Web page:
A History of Football Safety


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Presented by AccidentAttorneys.org

Humans began crafting stone balls in Scotland more than 5,200 years ago. The Neolithic balls were about the size of a Pokéball, which is about the size of a racket ball.

The Ancient Aborigines, the Ancient Chinese, the Ancient Egyptians, the Ancient Mesoamericans…Basically everyone from everywhere balled.

Homer wrote about thrown-ball games in The Odyssey.

Some of the principles for Football started in Ancient Sparta as Sphairomachia or Sphere Battle.

Spairomachia was a full-contact team sport where a well-inflated ball was thrown across a lined field. Although, Romans were the first to use inflated balls.

In the 5th Century Mob Ball was played between villages. Possession of the ball was established through a scrum. Under these piles, men fought tooth and nail for the ball. It was a very dangerous game.

Fast forward about 1,500 years to Walter Camp, the Father of American Football.

The American Plains Wars had just ended & sport became the civilized contest for men to prove themselves in battle.

So in 1880 Walter Camp did the civilized thing and replaced the scrum with the “line of scrimmage.” Now, the team with the ball had uncontested possession and BOOM, American Football was born. But it was still a very dangerous game.

By 1905, there were “NINETEEN KILLED ON GRIDIRON”. Gridiron is a nickname for American Football fields became the lines are similar to old iron grills.

So President Theodore Roosevelt met with Walter Camp at the White House to discuss Football safety.

The President told Camp, “I believe in the game, I want to do all I can to save it.”

Later, in a letter to his son at Harvard, Teddy wrote: “I am delighted to have you play football. I believe in rough, manly sports. But I do not believe in them  if the degenerate in the sole end of any one’s existence.”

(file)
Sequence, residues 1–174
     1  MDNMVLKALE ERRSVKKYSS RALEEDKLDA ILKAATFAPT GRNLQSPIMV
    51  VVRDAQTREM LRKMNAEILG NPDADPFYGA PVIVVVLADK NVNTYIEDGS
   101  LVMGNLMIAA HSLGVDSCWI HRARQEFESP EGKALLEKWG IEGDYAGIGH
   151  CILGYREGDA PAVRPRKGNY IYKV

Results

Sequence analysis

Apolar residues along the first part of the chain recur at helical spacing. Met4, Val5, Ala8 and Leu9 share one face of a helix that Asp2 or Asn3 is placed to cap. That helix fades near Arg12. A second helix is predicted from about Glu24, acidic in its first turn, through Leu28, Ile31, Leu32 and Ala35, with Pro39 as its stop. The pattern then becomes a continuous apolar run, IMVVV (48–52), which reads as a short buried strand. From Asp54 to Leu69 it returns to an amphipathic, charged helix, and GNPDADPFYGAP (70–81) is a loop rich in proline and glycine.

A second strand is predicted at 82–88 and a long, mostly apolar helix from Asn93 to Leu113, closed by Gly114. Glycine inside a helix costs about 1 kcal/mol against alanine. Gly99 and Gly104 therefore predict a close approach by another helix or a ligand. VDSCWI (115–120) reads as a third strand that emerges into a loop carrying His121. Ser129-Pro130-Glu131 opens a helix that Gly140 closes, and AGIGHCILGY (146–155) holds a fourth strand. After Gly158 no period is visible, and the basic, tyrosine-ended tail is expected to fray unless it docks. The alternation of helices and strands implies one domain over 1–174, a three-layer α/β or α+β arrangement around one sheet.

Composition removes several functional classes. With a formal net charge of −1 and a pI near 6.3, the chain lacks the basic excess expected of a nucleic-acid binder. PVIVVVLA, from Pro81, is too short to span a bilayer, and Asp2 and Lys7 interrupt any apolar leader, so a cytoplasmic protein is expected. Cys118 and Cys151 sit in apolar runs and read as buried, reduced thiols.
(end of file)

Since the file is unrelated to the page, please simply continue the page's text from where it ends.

Roosevelt thought the game should “open up” and the next year the forward pass was legalized. As passing caught on (pun intended) the game spread out and injuries dropped. But it was still a very dangerous game.

So the equipment evolved and by 1920 (the same year the NFL was founded) leather helmets were worn by most professional players. Then in 1949 plastic helmets were required. By 1962 facemasks were worn by every player. Note: The Los Angeles Ram were the first team with a logo on their helmets.

Emboldened by the armor players began spearing and ramming with their heads. The led to 147 players deaths between 1970 and 1979. It was still a very dangerous game.

Football Continued to Change

  • 1982 – Concept of defenseless player added.
  • 1985 – QB’s can kneel or slide to stop play.
  • 1990 – A player who spears or rams can be ejected.
  • 1992 – Some chop blocks made illegal. (A chop block is a low block while the player is already being blocked.)
  • 1995 – Protections for defenseless players expanded.
  • 1996 – More chop blocks made illegal.
  • 1998 – Face shields must be transparent.

Death were reduced 74% 1990 through 1999.

2009 the NFL find evidence that football may cause early memory loss and dementia. 4,500 former players sue the NFL and in 2013 a settlement is reached for $765 million.

Yet today it is still America’s most popular sport. 36% of Americans watch the Super Bowl.

Top 10 Most-Watched Shows in United States Television History

  1. 114.4 Million – Super Bowl XLIX (Feb. 2015)
  2. 112.2. Million – Super Bowl XLVII (Feb. 2014)
  3. 111.3 Million – Super Bowl XLVI (Feb. 2012)
  4. 111.0 Million – Super Bowl XLV (Feb. 2011)
  5. 108.7 Million – Super Bowl XLVII (Feb. 2013)
  6. 106.5 Million – Super Bowl XLIV (Feb. 2010)
  7. 106.0 Million – M.A.S.H. Final (Feb. 1983)
  8. 100.0 Million – Roots: Part VIII (Jan. 1977)
  9. 98.7 Million – Super Bowl XLIII (Feb. 2009)
  10. 93.5 Million – Cheers: One for the Road (May 1993)

It is still a very dangerous game.

If you or your children choose to play the game of Football, please read this advice from The American Academy of Pediatrics:

  • Officials and coaches must enforce the rules of proper tackling, including zero tolerance for illegal, head-first hits.
  • Players must decide whether the benefits of playing outweigh the risks of possible injury.
  • Non-tackling leagues should be expanded so athletes can choose to participate without the injury risks associated with tackling.
  • Skilled athletic trainers should be available on the sidelines, as evidence shows they can reduce the number of injuries for players.

This infographic is for informational purposes only. Consult a physician before performing any exercise. If you have been injured playing football or any other sport, seek medical attention immediately. If you have been injured by someone’s neglect, contact an attorney.

For more information on head injuries visit http://accidentattorneys.org/head-injuries.


Avatar About Troy Dunn

Troy Dunn is a published author, professional artist, award winning environmentalist, certified permaculture designer, bachelor of the arts, associate of the sciences, 501(c)3 creator, and altruistic entrepreneur/COO for Altrumedia.